At the time I developed DRY, I was a stay-at-home mom with four kids, and I found myself dreaming about restaurants I could go to. Ten years ago chefs were becoming rock stars: The Food Network was exploding, and I was fascinated with the experience of food and pairing food with wine. I had an opportunity to go to The French Laundry, but I turned it down because at the time I was nursing one of my kids and couldn't drink alcohol. That was when I realized that it would be amazing to create a beverage that would pair with food. I thought that chefs might get behind the concept because there are a million people like me who want to be able to have a full meal experience when eating out, which absolutely includes beverage. I thought that chefs would really appreciate the opportunity to pair a sophisticated non-alcoholic beverage with their food. I started working with Monique Barbeau in Seattle, and then the first person I showed the product to was Kerry Sear at Cascadia Restaurant. The French Laundry eventually brought it in, so that was a high point for me. This type of use of DRY is at the core of who I am personally and at the core of why I created DRY.

The flavors you currently have are not a part of the "normal" beverage market. How are consumers reacting to your flavors and ingredients?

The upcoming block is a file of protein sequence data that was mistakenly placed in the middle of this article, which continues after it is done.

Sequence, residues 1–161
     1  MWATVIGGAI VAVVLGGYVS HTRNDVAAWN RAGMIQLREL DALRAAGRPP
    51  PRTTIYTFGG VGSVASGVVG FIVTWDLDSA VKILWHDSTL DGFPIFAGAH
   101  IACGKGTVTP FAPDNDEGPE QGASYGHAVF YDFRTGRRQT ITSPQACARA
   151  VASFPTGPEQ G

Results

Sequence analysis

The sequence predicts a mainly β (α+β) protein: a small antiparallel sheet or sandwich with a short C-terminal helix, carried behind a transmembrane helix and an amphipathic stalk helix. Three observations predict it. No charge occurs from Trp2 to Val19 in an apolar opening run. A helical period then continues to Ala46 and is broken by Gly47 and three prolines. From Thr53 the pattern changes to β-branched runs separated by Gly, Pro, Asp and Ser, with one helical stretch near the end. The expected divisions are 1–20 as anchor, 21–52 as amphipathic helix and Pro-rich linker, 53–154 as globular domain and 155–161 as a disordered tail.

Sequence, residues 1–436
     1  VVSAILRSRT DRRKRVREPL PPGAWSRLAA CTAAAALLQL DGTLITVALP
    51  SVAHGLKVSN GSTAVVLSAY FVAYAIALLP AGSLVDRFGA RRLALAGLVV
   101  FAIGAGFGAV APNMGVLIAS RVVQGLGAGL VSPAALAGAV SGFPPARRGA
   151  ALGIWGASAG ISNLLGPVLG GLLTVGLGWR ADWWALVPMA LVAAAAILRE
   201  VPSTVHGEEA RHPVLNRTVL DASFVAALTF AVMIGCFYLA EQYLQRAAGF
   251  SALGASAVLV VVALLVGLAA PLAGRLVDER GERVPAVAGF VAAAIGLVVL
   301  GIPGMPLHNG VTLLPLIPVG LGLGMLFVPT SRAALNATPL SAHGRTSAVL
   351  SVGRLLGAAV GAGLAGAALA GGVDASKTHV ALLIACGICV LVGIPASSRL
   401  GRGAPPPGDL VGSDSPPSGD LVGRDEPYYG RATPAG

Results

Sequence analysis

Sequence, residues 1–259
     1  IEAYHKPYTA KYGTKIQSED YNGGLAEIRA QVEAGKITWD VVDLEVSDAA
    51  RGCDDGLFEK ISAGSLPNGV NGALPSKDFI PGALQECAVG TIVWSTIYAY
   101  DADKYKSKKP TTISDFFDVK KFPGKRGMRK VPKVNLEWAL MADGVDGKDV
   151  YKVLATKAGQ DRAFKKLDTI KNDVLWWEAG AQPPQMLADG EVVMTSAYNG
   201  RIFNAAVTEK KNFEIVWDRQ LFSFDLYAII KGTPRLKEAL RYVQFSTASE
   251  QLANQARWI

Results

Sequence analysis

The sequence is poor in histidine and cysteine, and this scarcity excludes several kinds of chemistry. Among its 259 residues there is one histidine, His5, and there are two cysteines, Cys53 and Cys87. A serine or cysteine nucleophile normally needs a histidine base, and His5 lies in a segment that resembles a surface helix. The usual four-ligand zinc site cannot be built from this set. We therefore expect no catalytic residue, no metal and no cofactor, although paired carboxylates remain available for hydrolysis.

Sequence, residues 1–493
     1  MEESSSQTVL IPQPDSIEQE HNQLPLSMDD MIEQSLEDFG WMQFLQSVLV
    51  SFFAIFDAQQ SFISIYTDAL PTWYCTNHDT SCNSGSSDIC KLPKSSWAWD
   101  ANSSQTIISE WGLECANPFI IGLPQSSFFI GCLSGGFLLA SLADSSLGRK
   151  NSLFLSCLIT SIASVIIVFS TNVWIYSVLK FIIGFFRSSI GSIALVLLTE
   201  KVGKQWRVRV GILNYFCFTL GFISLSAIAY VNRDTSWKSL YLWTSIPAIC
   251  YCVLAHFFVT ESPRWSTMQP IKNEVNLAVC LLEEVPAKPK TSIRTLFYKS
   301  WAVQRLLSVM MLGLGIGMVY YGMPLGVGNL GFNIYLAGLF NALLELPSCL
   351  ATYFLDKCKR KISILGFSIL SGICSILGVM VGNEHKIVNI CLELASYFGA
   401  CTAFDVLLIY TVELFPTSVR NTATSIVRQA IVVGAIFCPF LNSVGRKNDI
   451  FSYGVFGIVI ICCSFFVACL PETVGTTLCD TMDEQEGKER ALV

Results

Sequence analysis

When we go to an event like a fashion show or a trade show, like Aspen’s Food & Wine Classic, there's nearly always a flavor that stands out—and it's usually one of the really unique ones. People say, "A cucumber soda… what's that like?” Or rhubarb or lavender. Basil was my first attempt and then lavender was the next. I had a vision in my head of what the flavor would be like, and I think I did 1,500 tests in my kitchen of lavender to get it right. It's funny with lavender; people either loved it or hated it. I thought it would be one of our middle sellers, but over the years people have associated us with that flavor and now we see it in cocktails and all over social media. It’s the one that is my favorite, the one I’m most proud of. While our flavors were very esoteric ten years ago, now foodie culture has sort of caught up with our lineup and people are more excited than ever to try each one. We get lots of comments about all the different flavors we offer, and people are often surprised by how much they like something. We’re also getting a lot of praise for our clean ingredient panel. When I started DRY, I only had ingredients that were available in my home kitchen, so adding commercial coloring or flavors never even crossed my mind. We’ve been committed to a short list of ingredients for 10 years, so it’s something that’s easy for us to uphold and very pleasing to our customers.